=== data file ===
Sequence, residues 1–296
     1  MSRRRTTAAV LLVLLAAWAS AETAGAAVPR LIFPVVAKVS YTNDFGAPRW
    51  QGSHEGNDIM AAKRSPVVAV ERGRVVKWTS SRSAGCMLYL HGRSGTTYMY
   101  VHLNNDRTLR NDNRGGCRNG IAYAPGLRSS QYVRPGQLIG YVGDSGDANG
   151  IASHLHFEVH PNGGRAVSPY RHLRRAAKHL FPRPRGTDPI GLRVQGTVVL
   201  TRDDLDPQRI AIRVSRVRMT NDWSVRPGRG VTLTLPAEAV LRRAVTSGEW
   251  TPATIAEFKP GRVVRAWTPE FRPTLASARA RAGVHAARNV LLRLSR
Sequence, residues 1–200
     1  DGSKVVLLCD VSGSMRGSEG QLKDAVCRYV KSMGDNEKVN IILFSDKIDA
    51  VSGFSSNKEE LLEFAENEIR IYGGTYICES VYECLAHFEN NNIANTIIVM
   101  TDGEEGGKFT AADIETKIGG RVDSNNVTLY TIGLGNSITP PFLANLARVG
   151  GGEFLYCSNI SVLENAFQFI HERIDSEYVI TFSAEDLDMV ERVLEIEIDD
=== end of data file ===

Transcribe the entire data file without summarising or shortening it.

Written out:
Sequence, residues 1–296
     1  MSRRRTTAAV LLVLLAAWAS AETAGAAVPR LIFPVVAKVS YTNDFGAPRW
    51  QGSHEGNDIM AAKRSPVVAV ERGRVVKWTS SRSAGCMLYL HGRSGTTYMY
   101  VHLNNDRTLR NDNRGGCRNG IAYAPGLRSS QYVRPGQLIG YVGDSGDANG
   151  IASHLHFEVH PNGGRAVSPY RHLRRAAKHL FPRPRGTDPI GLRVQGTVVL
   201  TRDDLDPQRI AIRVSRVRMT NDWSVRPGRG VTLTLPAEAV LRRAVTSGEW
   251  TPATIAEFKP GRVVRAWTPE FRPTLASARA RAGVHAARNV LLRLSR
Sequence, residues 1–200
     1  DGSKVVLLCD VSGSMRGSEG QLKDAVCRYV KSMGDNEKVN IILFSDKIDA
    51  VSGFSSNKEE LLEFAENEIR IYGGTYICES VYECLAHFEN NNIANTIIVM
   101  TDGEEGGKFT AADIETKIGG RVDSNNVTLY TIGLGNSITP PFLANLARVG
   151  GGEFLYCSNI SVLENAFQFI HERIDSEYVI TFSAEDLDMV ERVLEIEIDD